Undefeated lightweight prospect Mauricio Ruffy had an unusual road before becoming a full-time MMA fighter. Three years after his debut, he aims to catch the attention of UFC brass as he enters the cage Saturday looking to improve on his flawless record.
Ruffy—who claims to already have a 6-0 record, but MMA database sites are missing one of his wins—has knocked out every single opponent he’s faced so far. The 23-year-old talent faces Manoel Souza at SFT 18 in Sao Paulo, Brazil, and he hopes that a win means a ticket to the Octagon.
“People think I’m cocky… I disagree. I’m confident,” Ruffy told MMA Fighting. “If I don’t trust myself, who will? I’ve envisioned all this before. I’ve seen myself in the UFC, becoming UFC champion... I know it takes a lot of hard work, but I see myself fighting and knocking out the best there.”
When he decided to move from Muay Thai to MMA at age 18, Ruffy says he predicted to sign with the UFC when he was 24. He celebrates his next birthday on June 17, and feels “ready to put on a show and earn my spot in the UFC.
“My uncle was a kickboxing teacher and my brother trained with him, and I’ve always loved playing around in the gym since I was around eight or nine,” Ruffy said. “My parents thought I would change my mind when I grew older and give up on the idea of fighting professionally, but it only made me hungrier.”
His first experience in the ring wasn’t as good as he expected, losing a pair of Muay Thai bouts—“They were really controversial,” he said—but Ruffy bounced back to beat his next 38 opponents in Muay Thai before entering an MMA cage for the first time at age 20.
Ruffy had a good life in Maceio, 1,500 miles away from Sao Paulo, but left it all behind to share a small place with his brother in Brazil’s biggest city. They were living in tough conditions—“I slept on a thin mattress on the floor and water came in every time it rained, so I had to sleep on a chair occasionally,” he said—but would do anything for his dream.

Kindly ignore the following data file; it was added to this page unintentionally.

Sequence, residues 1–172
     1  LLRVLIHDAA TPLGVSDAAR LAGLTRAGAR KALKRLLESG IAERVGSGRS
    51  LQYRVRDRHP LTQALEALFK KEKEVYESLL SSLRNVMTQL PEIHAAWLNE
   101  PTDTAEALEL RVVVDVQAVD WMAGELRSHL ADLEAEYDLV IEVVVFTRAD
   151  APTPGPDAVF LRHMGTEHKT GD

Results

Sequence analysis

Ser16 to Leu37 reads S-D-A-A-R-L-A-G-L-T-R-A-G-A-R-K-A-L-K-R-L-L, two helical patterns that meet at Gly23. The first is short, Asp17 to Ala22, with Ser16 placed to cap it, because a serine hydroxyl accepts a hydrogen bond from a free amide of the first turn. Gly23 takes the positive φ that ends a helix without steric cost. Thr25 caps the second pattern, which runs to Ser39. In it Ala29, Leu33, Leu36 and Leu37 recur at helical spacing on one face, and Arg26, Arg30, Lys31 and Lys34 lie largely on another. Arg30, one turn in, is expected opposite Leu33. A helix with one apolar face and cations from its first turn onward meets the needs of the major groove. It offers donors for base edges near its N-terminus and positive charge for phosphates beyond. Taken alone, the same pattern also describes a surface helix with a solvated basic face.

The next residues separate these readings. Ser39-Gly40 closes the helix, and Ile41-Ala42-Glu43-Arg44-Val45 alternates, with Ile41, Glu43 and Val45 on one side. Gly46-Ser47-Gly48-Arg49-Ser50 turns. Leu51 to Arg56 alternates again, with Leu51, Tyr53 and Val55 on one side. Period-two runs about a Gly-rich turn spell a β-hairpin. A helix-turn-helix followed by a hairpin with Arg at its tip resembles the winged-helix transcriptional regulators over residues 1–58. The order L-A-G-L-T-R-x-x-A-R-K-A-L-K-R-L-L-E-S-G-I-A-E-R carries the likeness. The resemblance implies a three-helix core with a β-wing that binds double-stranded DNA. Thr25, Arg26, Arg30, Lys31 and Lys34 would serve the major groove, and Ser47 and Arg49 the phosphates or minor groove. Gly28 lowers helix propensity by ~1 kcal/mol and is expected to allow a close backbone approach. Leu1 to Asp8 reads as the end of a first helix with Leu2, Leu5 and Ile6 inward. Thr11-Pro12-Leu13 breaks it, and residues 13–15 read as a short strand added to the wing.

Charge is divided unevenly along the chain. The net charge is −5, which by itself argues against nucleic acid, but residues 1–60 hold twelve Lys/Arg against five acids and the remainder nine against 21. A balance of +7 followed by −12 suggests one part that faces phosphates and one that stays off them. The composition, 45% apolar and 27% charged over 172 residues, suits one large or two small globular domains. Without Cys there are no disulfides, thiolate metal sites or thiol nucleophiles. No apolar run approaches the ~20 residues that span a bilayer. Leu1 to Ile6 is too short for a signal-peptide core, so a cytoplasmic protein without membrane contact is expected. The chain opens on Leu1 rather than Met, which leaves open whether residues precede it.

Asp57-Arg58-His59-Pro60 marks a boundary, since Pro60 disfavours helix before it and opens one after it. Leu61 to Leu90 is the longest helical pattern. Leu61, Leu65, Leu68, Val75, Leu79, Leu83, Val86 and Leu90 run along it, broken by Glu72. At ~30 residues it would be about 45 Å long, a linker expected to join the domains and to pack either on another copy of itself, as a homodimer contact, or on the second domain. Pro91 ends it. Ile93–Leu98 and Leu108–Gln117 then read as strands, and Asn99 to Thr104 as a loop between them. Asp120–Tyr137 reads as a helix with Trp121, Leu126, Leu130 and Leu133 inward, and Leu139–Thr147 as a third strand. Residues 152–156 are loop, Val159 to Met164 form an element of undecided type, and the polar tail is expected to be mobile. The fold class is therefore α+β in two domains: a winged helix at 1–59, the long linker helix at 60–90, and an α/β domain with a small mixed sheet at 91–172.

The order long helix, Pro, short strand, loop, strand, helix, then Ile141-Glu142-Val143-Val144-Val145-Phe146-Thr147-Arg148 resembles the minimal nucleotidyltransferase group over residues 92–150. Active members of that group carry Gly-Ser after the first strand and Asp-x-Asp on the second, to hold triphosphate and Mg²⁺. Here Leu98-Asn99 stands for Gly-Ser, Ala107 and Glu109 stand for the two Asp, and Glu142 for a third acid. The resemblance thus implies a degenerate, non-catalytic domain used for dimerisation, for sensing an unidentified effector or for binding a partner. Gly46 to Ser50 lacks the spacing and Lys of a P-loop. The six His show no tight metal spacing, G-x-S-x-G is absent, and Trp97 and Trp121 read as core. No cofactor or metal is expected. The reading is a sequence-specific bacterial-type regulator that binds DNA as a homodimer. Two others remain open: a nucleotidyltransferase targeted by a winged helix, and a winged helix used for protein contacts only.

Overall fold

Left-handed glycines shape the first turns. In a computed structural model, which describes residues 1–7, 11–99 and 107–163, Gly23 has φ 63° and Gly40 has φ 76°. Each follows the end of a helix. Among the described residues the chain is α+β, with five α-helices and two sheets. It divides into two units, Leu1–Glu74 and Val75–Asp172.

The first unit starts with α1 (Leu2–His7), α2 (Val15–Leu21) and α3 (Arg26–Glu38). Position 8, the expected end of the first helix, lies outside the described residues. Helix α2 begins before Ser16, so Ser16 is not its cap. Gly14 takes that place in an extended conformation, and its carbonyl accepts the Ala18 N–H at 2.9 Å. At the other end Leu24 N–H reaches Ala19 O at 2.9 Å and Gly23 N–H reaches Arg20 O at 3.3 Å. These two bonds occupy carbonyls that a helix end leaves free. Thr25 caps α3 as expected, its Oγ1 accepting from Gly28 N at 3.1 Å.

His life finally started to change when his longtime friend Flavio Alvaro, an old school vale tudo veteran in Brazil, introduced him to a Chinese millionaire who was looking to invest in the careers of Brazilian fighters.
Ruffy, who had never flown on an airplane before, flew countless hours between Sao Paulo and Taiwan for his new gig. He couldn’t speak English, so trying to understanding what everyone was saying in Chinese was mind-boggling.
“I was his bodyguard and would go to a bunch of gyms there to train,” Ruffy said. “He paid us good money and invested in our careers, but I couldn’t wait to get back to Brazil. It was really tough not actually engaging in any conversation for three months. I’ve learned a lot there, though. In general, it was a great experience.”
After living and working for two months in Taiwan, a couple of weeks in Hong Kong and another month in Spain, Ruffy flew back home to finally be a full-time mixed martial artist again.
On Saturday night, his first time in action since capturing a 165-pound belt in Sao Paulo, the undefeated lightweight prospect aims to score another knockout finish.
“Everything I went through helped me become more patient in my fights and made me the fighter I am,” Ruffy said. “I have no rush to end my fights. I know the right time will come.”